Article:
Greenwinged pytilia

Pytilia melba

SUBFAMILY

Estrildinae

TAXONOMY

Fringilla melba Linnaeus, 1758. OTHER COMMON NAMES

English: Melba finch, melba waxbill; French: Beaumarquet melba; German: Buntastrild; Spanish: Pinzón Melba.

PHYSICAL CHARACTERISTICS

4.7-5.1 in (12-13 cm). Sexually dimorphic with females lacking red on the head. Juveniles resemble a duller version of the female.

DISTRIBUTION

Senegal east across northern Nigeria and southern Niger to Ethiopia and Somalia, south through Tanzania to northern South Africa.

HABITAT

Prefers dry, open areas including semi-desert, thorn scrub, acacia woodland, grassland, savanna, and cultivated areas.

BEHAVIOR

Found either singly or in pairs except at watering holes where small flocks might temporarily congregate. The call is a "see-eh," "wick" or "wit" note. The song, which is sometimes lengthy, is a series of whistles and trills interspersed with "kwik" notes.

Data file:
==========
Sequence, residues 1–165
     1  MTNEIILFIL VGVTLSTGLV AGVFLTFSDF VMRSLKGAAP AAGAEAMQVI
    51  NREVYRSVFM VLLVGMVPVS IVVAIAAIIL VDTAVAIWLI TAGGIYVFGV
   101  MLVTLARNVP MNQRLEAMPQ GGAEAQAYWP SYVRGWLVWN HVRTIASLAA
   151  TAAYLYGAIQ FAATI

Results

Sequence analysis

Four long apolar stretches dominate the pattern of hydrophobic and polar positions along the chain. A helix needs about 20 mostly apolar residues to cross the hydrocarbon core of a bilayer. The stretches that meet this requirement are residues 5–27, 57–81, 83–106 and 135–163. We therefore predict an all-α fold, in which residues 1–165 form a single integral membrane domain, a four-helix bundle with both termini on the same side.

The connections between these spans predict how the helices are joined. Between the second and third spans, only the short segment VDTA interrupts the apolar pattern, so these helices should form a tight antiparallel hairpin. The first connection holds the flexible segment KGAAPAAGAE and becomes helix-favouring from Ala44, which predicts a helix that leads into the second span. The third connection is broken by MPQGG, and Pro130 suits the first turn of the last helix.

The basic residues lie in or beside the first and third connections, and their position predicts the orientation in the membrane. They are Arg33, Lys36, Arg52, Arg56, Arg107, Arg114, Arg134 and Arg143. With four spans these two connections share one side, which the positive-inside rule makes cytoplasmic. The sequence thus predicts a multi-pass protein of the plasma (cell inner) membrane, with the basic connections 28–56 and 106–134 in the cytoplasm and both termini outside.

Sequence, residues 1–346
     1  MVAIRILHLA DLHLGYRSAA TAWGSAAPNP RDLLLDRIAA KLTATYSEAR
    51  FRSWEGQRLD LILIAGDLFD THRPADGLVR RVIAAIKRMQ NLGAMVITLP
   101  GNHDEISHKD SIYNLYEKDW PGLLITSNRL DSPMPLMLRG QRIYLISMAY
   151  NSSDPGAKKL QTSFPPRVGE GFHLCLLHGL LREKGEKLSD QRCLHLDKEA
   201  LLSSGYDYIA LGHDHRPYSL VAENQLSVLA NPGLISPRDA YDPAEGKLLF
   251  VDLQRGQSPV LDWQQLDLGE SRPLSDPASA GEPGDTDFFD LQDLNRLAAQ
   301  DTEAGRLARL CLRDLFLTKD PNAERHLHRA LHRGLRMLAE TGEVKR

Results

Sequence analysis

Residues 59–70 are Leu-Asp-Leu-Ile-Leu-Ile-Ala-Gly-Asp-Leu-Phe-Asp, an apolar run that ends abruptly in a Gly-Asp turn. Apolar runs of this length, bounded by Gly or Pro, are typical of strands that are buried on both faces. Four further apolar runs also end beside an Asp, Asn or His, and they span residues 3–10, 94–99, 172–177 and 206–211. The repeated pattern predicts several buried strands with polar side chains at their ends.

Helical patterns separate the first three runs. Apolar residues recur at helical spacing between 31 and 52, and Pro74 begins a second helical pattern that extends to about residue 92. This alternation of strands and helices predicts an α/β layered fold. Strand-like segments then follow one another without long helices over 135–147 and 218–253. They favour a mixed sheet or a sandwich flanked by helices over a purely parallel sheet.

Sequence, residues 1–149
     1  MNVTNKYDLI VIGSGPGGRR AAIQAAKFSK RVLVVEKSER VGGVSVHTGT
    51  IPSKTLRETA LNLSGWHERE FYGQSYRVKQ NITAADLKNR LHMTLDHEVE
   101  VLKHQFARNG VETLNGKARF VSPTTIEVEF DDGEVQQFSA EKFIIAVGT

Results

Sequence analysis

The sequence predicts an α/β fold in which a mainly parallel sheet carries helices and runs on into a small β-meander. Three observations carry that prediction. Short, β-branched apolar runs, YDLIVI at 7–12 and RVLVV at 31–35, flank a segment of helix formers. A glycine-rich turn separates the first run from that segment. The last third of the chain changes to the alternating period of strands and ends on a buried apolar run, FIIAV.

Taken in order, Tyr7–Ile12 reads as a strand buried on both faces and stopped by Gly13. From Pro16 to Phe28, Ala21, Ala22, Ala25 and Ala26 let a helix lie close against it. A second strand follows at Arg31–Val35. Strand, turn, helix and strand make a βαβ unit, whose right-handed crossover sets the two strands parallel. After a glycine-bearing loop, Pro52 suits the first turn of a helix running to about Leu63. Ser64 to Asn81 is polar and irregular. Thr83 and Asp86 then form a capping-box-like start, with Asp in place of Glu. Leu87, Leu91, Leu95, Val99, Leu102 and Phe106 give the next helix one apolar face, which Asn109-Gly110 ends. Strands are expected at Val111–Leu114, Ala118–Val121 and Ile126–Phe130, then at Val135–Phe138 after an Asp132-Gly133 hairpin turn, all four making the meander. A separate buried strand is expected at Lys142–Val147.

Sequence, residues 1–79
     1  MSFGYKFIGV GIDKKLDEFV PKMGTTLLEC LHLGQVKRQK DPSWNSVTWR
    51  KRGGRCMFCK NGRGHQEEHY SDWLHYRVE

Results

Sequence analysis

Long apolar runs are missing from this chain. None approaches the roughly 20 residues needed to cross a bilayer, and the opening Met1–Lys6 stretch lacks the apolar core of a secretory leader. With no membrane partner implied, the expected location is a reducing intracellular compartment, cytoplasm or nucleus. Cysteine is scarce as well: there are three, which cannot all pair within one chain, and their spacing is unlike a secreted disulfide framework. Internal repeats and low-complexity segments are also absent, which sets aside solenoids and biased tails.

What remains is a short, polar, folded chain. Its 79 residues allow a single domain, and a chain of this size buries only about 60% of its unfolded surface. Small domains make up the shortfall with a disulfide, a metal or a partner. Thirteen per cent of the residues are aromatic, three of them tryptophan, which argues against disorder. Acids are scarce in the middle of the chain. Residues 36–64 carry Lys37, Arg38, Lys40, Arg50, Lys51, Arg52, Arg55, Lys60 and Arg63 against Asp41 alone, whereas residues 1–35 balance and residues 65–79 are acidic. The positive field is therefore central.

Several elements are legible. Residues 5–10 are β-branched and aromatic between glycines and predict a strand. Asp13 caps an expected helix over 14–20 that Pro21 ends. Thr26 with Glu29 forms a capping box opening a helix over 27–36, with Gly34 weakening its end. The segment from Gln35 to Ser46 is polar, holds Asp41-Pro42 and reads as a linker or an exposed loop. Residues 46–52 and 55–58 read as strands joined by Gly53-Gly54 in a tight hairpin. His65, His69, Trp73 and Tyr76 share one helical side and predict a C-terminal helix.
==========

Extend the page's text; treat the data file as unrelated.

FEEDING ECOLOGY AND DIET

Feeds on the ground eating mainly grass seeds and termites, although other seeds and insects are probably eaten.

REPRODUCTIVE BIOLOGY

The nest is usually round or dome-shaped and built of grass and lined with feathers. Three to six white eggs are laid and incubated for 12-13 days. The breeding season lasts from November to June, peaking after the heaviest rains. Nests are often parasitized by the paradise whydah (Vidua paradisaea).

CONSERVATION STATUS

Not threatened.

SIGNIFICANCE TO HUMANS

Kept in aviculture where it proves to be a challenge to breed, requiring a variety of insects in the diet. In captivity males defend a territory against conspecific individuals as well as any bird showing red coloration on the head. ♦

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